Sinlung /
15 June 2015

Last Chance For Brus, Slipping Away

The process of repatriation of displaced Bru tribals from Tripura to Mizoram that began in 2010 is set to be wound up. But like earlier attempts, this phase too has seen little success.

Bru tribals, Mizoram, Bru National Liberation Front, BNLF militants, Mizoram Police, bru tripura, india news, indian express news Displaced Bru tribals return home to Mizoram from relief camps in Tripura during the 2013 repatriation process.

By Adam Halliday

When and why were the Bru tribals of Mizoram displaced?
On October 21, 1997, militants of the Bru National Liberation Front (BNLF) murdered a forest official in Mizoram, triggering a wave of retaliatory ethnic violence from the Mizos. The Bru National Union or BNU, then the tribe’s apex political body which was demanding an autonomous tribal district, claimed 1,391 Bru houses in 41 villages were burned down and several people were raped and killed. Mizoram Police put the number of homes torched at 325 in 16 villages, and confirmed no rape or murders. Over 30,000 Brus fled to six relief camps in Tripura — Bru leaders blamed the violence, but the official and unofficial narrative in Mizoram remains that the tribals were instigated by the BNLF and BNU. The refugees lived on rations, with few avenues of employment, education and health facilities, and no entitlement to agricultural or other land.

When did the repatriation process of the displaced tribals begin?
For years, Tripura pushed Mizoram to resettle the displaced tribals. The repatriation process began in 2010, and has been monitored and financed by the union Home Ministry. Displaced Bru families willing to return have been identified and, after verified as having lived in Mizoram before 1997, handed rehabilitation packages, and resettled in the villages they had left. Where that was impossible, they were put in the nearest settlement — or at least, within the same assembly constituency.
How successful has the process been?
In November 2009, Bru militants killed a Mizo teenager at Bungthuam village just across the river from Tripura, in an act that was officially seen as an attempt to derail the planned repatriation. Fresh ethnic violence followed, and scores of Bru families fled Mizoram. When the repatriation process did start, however, among the first to return was Elvis Chorkhy, then the tallest leader among relief-camp Brus, who has, along with other leaders, assisted Mizoram in the process ever since. However, despite six formal phases of repatriation having been completed, fewer than 700 of the roughly 5,500 families believed to live in the camps have returned. This is because relief camp leaders have consistently opposed the process — sometimes by organising dharnas and roadblocks — demanding a bigger rehabilitation package and changes in resettlement provisions, and arguing that some of those who have returned have not got the land they were promised. Fears have been expressed for returnees’ security — even though, despite occasional tensions, there has been no violence. Significantly, over 1,000 families have left the camps on their own.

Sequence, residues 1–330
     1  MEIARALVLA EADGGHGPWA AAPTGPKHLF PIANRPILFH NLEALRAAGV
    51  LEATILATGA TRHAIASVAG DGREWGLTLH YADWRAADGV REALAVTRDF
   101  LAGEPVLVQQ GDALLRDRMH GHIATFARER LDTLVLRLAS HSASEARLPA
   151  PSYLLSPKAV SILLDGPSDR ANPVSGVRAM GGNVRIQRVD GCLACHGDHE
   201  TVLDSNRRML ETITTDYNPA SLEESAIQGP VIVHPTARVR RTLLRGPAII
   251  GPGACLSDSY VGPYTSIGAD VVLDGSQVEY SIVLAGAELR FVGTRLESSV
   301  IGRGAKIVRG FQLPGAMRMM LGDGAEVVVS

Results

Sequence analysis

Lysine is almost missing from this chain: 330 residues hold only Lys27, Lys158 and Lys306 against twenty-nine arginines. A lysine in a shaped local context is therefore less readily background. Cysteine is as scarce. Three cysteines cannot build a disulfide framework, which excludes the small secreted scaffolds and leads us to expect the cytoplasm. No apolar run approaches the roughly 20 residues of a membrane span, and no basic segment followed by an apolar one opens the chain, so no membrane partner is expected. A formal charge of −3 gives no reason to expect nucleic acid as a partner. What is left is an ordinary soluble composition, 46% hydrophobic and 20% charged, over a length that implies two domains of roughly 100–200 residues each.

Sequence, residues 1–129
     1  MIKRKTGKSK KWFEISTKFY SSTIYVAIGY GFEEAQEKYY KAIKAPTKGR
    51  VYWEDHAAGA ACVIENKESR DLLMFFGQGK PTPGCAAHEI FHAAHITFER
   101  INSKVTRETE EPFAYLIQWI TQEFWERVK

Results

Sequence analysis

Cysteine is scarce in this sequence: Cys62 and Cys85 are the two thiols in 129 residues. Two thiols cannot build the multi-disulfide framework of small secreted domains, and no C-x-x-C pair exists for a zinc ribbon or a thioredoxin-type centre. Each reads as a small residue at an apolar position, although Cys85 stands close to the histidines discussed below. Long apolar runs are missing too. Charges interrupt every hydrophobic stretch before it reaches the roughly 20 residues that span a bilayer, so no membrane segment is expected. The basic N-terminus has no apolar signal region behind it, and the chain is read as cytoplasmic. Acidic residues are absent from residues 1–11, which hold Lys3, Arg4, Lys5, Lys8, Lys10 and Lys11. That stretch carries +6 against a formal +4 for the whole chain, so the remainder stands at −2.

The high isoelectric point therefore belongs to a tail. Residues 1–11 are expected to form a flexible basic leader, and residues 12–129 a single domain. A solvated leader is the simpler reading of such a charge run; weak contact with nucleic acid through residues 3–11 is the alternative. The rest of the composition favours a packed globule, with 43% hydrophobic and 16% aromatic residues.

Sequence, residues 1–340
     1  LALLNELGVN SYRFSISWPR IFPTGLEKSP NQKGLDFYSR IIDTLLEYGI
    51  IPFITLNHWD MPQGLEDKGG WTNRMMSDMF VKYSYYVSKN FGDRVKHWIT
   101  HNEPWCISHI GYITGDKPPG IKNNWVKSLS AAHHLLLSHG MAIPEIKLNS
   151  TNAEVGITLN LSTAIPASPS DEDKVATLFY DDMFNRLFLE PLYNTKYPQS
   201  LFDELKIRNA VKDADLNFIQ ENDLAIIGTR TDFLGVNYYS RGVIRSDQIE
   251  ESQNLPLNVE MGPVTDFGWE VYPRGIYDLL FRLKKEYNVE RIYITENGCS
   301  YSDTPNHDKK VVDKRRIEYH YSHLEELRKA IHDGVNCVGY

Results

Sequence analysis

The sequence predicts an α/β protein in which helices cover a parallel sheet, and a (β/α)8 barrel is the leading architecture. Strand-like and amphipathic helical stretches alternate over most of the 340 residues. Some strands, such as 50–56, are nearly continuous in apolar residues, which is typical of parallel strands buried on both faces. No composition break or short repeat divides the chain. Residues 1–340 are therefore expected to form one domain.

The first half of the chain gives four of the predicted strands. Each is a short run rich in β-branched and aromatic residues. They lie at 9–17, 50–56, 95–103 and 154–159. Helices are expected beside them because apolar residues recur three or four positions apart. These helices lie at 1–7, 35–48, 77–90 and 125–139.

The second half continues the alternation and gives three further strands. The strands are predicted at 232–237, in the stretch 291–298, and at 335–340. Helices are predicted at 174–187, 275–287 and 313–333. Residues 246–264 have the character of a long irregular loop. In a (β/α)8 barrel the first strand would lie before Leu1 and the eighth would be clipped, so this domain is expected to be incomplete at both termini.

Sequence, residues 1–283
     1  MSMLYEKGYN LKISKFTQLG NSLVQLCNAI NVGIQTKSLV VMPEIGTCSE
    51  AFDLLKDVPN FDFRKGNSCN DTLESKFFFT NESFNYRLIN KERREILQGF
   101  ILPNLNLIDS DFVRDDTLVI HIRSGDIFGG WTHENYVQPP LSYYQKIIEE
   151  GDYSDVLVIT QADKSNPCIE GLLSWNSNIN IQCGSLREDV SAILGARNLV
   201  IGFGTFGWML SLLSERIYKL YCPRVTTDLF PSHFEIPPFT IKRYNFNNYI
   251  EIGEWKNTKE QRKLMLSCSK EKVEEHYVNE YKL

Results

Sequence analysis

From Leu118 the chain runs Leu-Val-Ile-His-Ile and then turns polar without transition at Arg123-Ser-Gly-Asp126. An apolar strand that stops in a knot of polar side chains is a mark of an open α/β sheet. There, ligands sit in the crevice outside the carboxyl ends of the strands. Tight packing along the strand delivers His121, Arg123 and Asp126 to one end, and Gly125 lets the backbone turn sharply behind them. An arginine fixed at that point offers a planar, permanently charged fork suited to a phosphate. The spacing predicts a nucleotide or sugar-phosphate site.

Why is the current repatriation process especially significant?
Mizo groups have been upset over the perceived negative publicity the Bru issue has brought. Matters came to a head before last year’s Lok Sabha elections — more than 11,000 Brus have voting rights in Mizoram, even though, Mizo groups allege, they have refused to return. A statewide bandh was called in April 2014, which helped speed up matters. In January 2015, the Home Ministry, Tripura and Mizoram agreed to a final round of repatriation, with the condition that any Brus who still refused to return would be removed from Mizoram’s electoral rolls, and rations and relief to them would be stopped. A roadmap was prepared, which was accepted by the Social Justice Bench of the Supreme Court, which is hearing a bunch of petitions related to the case. The final repatriation process began on June 2.

Where does the repatriation process stand at the moment?
Mizoram officials set up counters in Kaskau relief camp — the camp closest to Mizoram — and invited any Brus wanting to return home to come for verification. The officials waited three days, but no one turned up. The Mizoram government has said officials will now visit the Khakchangpara relief camp from June 15, and then move forward, camp by camp.

Why is the Bru repatriation experience significant?
It probably shows the difference in the ways different displaced populations are treated in India. Several other Northeast tribal groups fleeing ethnic violence have escaped being confined to relief camps, and the displaced Brus have been seeking relief on par with Kashmiri Pandits and the Sri Lankan Tamils refugees. The Brus have been in their camps for a generation, but their story remains unknown in most of India. The halting repatriation process has lessons for the handling of possible future displacement crises and resettlement efforts.


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